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Monday, November 30, 2020

No to Sosma, even for water saboteurs


On Nov 23, 2020, two men were charged under Section 124K of the Penal Code in relation to the recent water disruptions in Kuala Lumpur and Selangor. 

According to the charge, they allegedly committed sabotage on the water supply. Both men pleaded not guilty to the charge.

They were not the first persons charged with causing pollution to the water supply in Selangor and Kuala Lumpur. However, they were the first to be charged under Section 124K of the Penal Code for the offence of "sabotage".

Section 124K of the Penal Code provides that "whoever, by any means, directly or indirectly, commits sabotage shall be punished with imprisonment for life." It is indeed a serious offence and if found guilty, the two men will face the sentence of life imprisonment.

They are also the first to be tried under the Security Offences (Special Measures) Act 2012 (Sosma) for the offence of water pollution.

Some media have erroneously reported that the men have been charged under Sosma. However, Sosma does not contain predicate offences, unlike the Penal Code. A person cannot be charged under the Act.

Sosma is a law that provides for the procedures, evidential rules and powers to the authorities in relation to what is known as "security offences".

Security offences, according to the Act, include offences which fall under Part VI (offences against the state) and Part VIA (terrorism) of the Penal Code, and also include Section 124K, ie the offence of sabotage.

Sosma is a problematic law. Many critics, including myself, have frequently called upon the government to abolish Sosma.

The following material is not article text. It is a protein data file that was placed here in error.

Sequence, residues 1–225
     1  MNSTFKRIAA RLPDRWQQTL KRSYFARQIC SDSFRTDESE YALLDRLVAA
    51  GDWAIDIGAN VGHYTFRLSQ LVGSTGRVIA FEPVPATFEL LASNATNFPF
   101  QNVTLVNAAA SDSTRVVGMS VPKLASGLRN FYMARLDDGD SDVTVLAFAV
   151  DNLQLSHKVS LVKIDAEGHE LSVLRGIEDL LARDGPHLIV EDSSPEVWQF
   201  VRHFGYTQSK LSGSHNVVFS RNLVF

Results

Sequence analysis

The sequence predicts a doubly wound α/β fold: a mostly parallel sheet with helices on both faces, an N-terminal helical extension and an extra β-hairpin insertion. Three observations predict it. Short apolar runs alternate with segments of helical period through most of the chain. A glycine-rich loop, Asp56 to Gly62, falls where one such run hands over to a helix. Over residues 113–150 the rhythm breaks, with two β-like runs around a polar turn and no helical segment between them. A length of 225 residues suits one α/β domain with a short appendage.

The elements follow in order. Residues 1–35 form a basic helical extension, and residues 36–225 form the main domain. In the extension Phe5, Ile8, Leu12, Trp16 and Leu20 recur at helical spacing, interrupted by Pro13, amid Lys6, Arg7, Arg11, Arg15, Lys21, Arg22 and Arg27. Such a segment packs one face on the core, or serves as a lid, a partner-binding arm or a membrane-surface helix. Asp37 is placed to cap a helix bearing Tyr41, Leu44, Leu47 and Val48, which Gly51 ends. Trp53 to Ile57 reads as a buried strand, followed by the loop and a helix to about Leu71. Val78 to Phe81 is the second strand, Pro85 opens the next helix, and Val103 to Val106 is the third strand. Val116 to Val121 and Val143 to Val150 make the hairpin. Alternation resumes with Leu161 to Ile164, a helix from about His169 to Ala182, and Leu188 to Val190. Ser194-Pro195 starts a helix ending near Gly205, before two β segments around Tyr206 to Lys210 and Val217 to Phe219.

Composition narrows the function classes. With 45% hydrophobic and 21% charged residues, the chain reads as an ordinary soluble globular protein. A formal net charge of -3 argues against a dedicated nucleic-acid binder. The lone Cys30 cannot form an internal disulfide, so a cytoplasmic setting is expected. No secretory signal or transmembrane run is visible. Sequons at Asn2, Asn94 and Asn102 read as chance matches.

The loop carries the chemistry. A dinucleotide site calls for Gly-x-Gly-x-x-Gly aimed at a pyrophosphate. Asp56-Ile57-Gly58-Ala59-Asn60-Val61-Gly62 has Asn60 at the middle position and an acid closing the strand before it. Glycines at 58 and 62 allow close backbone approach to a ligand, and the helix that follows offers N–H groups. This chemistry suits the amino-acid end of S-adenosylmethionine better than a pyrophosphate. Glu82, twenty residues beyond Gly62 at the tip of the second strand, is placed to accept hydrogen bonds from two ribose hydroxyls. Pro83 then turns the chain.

The biggest problem with Sosma is the many provisions which favour the prosecution in a trial relating to security offences. There are provisions within Sosma that are inconsistent with the established rules of evidence.

Sosma does not provide accused persons with the right to a fair trial.

One example is in Section 18A of Sosma. It provides that any statement, whether written or oral, made to any person, shall be admissible in evidence.

Thus, what usually happens is that after days of questioning during the pre-trial detention, the accused will be pressured to sign a written "confession" about his or her "crimes".

Under normal rules of evidence, such "confession" would be inadmissible. However, because of Section 18A, these "confessions" will be used in court.

We should give our full support to the authorities in taking heavy action against those who have sabotaged the clean water supply in Selangor. Their actions have impacted millions in Kuala Lumpur and Selangor and the full force of the law should be used against them.

The use of Section 124K of the Penal Code against them in this instance is warranted.

However, we must not support the use of Sosma against them. The full force of the law cannot include draconian and unjust laws such as Sosma.

If there is evidence against these men, then they will be found guilty. There is no need to stack the decks against them since they are already facing the full machinery of the state.

We must allow them to defend themselves, as any other accused person would.

The right to a fair trial is the bedrock of our criminal justice system. The use of Sosma makes a mockery of this system.

Whatever we may feel about the alleged offence these people have committed, we must not close one eye against any potential injustice they may suffer as accused persons.

SYAHREDZAN JOHAN is a civil liberties lawyer and political secretary to Iskandar Puteri MP Lim Kit Siang. - Mkini

The views expressed here are those of the author/contributor and do not necessarily represent the views of MMKtT.

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